35 Jesus heard that they had driven him out, and when he found him he said, “Do you believe in the Son of Man?” 36 He answered, “And who is he, sir? Tell me, so that I may believe in him.” 37 Jesus said to him, “You have seen him, and the one speaking with you is he.” 38 He said, “Lord, I believe.” And he worshiped him. 39 Jesus said, “I came into this world for judgment, so that those who do not see may see and those who do see may become blind.” 40 Some of the Pharisees who were with him heard this and said to him, “Surely we are not blind, are we?” 41 Jesus said to them, “If you were blind, you would not have sin. But now that you say, ‘We see,’ your sin remains.


The Sermon

This morning our theme of Seeking takes us to ask the question, “Who Sinned?” It’s an innocent question that arrives out of one’s desire to understand how this world works and at the same time is arrives out of one’s own fears and worries about why things go awry, why bad things happen, and in our passage this morning we are faced with a specific question of why a baby is born blind. What is the cause of this? As we hear this passage, we must remember that medical care, illness, and disabilities were thought of in a whole different way in those days. There were no scientists doing genetic workups or treatment options that are available today. The search to find meaning in devastating situations leads to asking judgmental questions…trying to blame someone, or something.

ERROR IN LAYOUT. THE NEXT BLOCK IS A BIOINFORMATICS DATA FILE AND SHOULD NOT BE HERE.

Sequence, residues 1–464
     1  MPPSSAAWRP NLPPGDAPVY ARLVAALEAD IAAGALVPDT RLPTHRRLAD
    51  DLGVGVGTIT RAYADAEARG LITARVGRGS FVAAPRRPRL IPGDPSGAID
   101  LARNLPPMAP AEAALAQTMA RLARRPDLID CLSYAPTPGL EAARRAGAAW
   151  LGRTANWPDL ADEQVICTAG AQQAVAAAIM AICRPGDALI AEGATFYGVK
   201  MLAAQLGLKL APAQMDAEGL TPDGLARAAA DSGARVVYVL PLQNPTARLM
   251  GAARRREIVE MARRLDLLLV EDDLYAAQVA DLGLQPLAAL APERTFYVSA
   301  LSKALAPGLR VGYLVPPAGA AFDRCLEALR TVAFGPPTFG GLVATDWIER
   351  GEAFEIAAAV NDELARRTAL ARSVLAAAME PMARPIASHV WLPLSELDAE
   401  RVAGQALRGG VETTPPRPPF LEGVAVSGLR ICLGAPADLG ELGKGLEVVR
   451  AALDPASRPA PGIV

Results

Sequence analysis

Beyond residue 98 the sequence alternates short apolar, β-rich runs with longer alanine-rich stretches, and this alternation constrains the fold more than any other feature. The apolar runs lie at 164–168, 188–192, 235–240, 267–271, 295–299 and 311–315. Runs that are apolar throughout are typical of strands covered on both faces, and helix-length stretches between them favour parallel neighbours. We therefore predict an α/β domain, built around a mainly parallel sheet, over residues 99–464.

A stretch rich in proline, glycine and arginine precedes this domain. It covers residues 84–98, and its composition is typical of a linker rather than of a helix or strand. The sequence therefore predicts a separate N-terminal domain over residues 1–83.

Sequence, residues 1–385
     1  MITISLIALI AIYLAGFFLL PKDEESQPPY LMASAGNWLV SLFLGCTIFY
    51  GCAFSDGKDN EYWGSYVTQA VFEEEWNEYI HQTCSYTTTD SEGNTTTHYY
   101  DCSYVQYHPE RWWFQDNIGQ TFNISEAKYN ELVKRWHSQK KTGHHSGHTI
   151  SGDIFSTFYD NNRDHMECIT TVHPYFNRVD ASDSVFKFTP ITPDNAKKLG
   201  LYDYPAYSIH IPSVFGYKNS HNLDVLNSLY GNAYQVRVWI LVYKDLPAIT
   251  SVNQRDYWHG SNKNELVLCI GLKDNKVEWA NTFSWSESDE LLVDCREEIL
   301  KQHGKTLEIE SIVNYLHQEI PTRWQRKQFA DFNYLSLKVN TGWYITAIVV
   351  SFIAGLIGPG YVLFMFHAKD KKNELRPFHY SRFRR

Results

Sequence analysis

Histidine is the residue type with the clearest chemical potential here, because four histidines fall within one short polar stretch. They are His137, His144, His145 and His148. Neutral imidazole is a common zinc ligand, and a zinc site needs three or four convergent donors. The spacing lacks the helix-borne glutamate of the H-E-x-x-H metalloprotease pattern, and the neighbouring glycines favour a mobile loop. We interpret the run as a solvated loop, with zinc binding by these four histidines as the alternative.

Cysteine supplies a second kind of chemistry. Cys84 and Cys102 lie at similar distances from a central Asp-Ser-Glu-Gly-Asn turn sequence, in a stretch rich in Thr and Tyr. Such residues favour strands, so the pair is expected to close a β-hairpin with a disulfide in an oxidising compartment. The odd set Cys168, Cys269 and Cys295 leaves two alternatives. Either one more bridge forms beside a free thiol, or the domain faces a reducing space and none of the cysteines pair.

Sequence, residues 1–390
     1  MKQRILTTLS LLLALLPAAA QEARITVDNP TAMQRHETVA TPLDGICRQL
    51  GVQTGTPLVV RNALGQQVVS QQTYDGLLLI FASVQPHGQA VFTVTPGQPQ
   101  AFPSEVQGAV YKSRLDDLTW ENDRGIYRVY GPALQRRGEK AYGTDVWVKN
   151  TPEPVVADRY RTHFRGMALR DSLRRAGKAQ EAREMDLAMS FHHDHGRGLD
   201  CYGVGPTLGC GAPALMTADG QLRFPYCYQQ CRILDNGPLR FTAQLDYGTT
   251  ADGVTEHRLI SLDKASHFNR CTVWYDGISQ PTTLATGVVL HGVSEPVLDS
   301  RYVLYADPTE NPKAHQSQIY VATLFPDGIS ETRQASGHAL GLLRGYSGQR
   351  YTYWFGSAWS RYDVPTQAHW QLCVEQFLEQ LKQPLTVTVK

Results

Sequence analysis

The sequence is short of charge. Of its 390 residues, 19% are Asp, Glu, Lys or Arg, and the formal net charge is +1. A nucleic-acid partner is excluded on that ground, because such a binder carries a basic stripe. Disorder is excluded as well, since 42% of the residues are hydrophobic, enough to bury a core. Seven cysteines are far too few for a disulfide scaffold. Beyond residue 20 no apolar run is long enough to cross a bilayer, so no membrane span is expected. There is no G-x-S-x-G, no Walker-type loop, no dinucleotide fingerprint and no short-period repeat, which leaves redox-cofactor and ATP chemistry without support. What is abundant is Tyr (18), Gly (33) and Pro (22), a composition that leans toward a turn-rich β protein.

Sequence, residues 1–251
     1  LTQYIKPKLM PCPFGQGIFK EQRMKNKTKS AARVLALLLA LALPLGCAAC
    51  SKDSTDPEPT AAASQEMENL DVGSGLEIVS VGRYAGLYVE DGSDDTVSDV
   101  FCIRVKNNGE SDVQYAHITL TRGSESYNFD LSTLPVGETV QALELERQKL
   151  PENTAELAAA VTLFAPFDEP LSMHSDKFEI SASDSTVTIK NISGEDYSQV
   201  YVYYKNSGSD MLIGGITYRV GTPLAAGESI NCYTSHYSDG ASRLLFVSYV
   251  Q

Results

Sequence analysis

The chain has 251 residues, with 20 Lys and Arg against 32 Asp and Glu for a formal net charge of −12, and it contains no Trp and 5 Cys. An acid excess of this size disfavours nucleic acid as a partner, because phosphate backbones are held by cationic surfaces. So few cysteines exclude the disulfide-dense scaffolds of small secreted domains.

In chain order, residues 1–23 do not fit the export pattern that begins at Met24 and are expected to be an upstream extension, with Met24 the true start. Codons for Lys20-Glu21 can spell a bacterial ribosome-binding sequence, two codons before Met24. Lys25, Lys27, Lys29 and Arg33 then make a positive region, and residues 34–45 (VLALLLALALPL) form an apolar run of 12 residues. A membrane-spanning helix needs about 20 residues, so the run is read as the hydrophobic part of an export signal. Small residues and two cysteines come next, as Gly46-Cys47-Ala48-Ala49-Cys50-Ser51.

There is so much here is this story. A man born blind who now sees, questions being asked by the disciples, by the Jews, by the Pharisees. Questions being asked to the blind man, to the blind man parents, to the blind man again. We must not miss why these questions are being asked. For the disciples the questions are to justify why a person is born blind, maybe to ease their own anxiety about why things like this happen…for the Jews and Pharisees the questions have an underlying intention of setting a trap by which to discredit Jesus, to stop this movement that he has created; a movement changing lives and giving sight to the hearts of God’s blind people, sight to hearts so to see God with a new vision.